For Jewish communities across Europe, the emerging populist, nationalist sentiment of recent times has been a concerning trend.
There is now a creeping intolerance seen on both a national level and in local life.
This is not necessarily something new, it is something which has existed over the past decade, exacerbated by austerity, refugee intake, insecurity, terrorism and a lurch towards political nativism.
The result is ‘crisis’ manifesting in flashpoints of violence, disorder and instability.
It is in this context that the Woolf Institute’s new report ‘Trust in Crisis’ looks at European Jewish communities in the capitals of France, Germany, Italy and the UK.
And the findings have revealed that, despite the broad array of social issues in London, Paris and Berlin, trust has been re-energised within our local communities.
We saw this in the wake of the terrible Grenfell fire – with Holland Park Synagogue mobilising to help victims – and after the murder and maiming of observant Muslims in Finsbury Park.
Numerous Jewish leaders have stood in clear and visible solidarity.
Over the last two years, many of the people that we interviewed and followed for our report behaved generously and organised selflessly within their local communities — a kind of quiet citizenship, not recognised nor rewarded — on the basis of a shared sense of social responsibility.
We found that such an effort often coincided with a realisation that reaching out to other communities was particularly necessary in a complex and fast paced political landscape.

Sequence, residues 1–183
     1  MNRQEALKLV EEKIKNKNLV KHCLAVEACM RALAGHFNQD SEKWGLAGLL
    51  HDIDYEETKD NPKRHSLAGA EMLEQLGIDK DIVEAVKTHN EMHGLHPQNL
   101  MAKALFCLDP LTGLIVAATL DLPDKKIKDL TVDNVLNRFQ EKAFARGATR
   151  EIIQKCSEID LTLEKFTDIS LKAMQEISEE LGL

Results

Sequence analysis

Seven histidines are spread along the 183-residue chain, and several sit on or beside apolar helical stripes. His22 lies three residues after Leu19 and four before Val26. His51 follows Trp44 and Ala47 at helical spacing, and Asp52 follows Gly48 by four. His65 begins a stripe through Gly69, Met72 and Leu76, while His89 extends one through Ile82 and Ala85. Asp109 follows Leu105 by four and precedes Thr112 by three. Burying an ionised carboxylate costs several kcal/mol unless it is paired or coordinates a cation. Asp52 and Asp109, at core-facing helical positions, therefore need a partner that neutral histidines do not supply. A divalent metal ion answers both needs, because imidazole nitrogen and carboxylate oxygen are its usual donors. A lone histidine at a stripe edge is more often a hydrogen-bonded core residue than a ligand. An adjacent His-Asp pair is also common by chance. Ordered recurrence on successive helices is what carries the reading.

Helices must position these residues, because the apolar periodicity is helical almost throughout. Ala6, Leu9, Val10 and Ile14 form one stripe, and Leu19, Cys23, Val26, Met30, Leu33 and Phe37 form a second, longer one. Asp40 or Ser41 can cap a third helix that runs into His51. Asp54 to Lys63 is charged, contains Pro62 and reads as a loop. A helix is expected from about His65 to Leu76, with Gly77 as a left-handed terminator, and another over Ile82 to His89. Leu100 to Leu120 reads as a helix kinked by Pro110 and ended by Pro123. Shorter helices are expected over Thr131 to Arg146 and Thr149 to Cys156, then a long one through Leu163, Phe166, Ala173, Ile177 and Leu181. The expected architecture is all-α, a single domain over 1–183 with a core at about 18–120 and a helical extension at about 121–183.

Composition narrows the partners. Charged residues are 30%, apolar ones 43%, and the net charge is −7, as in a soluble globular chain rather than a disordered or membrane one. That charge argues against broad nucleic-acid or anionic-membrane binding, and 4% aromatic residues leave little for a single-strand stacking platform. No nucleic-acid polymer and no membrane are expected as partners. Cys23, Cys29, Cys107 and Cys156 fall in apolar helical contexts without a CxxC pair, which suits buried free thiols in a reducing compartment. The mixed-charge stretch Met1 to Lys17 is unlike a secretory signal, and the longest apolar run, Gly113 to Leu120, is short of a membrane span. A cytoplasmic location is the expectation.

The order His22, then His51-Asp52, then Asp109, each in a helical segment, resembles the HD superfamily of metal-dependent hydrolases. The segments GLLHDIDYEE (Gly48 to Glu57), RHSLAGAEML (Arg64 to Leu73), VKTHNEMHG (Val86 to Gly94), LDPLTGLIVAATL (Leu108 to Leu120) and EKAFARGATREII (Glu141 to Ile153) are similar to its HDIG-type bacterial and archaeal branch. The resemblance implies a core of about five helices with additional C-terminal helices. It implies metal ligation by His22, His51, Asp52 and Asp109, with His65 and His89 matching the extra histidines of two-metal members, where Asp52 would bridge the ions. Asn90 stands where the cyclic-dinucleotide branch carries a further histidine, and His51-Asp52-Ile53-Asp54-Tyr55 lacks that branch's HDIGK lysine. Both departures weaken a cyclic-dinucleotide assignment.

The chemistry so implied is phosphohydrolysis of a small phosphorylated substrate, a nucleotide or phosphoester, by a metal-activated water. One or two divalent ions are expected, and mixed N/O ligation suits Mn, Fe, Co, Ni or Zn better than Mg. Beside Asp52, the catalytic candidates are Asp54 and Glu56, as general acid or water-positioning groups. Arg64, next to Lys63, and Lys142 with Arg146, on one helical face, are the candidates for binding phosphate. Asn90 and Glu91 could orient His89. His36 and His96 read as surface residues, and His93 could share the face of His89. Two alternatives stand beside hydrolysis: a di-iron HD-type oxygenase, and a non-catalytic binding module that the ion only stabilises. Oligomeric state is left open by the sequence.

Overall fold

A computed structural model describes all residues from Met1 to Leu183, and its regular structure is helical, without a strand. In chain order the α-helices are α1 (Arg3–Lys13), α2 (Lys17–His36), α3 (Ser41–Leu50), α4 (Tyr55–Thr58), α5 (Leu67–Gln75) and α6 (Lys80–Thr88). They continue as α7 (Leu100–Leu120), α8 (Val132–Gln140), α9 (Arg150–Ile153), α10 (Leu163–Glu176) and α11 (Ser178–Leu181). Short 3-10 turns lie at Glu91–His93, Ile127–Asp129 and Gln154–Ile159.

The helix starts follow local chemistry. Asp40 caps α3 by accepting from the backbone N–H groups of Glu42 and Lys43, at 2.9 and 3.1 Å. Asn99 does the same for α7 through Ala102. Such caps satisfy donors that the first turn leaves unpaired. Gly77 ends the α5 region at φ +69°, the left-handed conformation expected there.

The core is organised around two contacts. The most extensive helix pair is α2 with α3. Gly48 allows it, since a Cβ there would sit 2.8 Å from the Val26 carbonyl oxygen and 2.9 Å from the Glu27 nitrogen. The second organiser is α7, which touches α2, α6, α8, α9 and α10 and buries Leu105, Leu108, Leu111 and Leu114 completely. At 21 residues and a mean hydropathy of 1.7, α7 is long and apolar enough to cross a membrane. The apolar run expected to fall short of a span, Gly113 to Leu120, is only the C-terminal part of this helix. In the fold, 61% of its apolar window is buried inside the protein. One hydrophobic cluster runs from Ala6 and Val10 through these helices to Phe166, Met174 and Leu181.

In Paris, this took the form of a commitment, particularly from Paris’ diverse Jewish communities after the Charlie Hebdo and the Kosher store murders, to undertake more serious dialogue with Muslim neighbours, as increasing numbers felt that levels of misunderstanding and intolerance between communities had become unbearable.
Thus, both at the level of organised communities and locally with youth groups and nearby Mosques, outreach and education that involved local Muslims and Jews communicating and debating has become more and more common place.
In London, where such initiatives have become much more common, faith community leadership also showed inter-community solidarity against terror.
In fact, it could be argued that the city went even further than the UK at large, accepting a larger share of the refugee influx, particularly those from Syria.
Our report, Trust in Crisis shows that people’s humanity can be triggered by collective distress, local faith communities – healthily represented by diverse Jewish communities and civil society organisations – have had the inclination, organisation and wherewithal to respond to this.
As times of uncertainty continue, harnessing those quiet citizens and solidarities which go beyond our immediate environments will become increasingly important.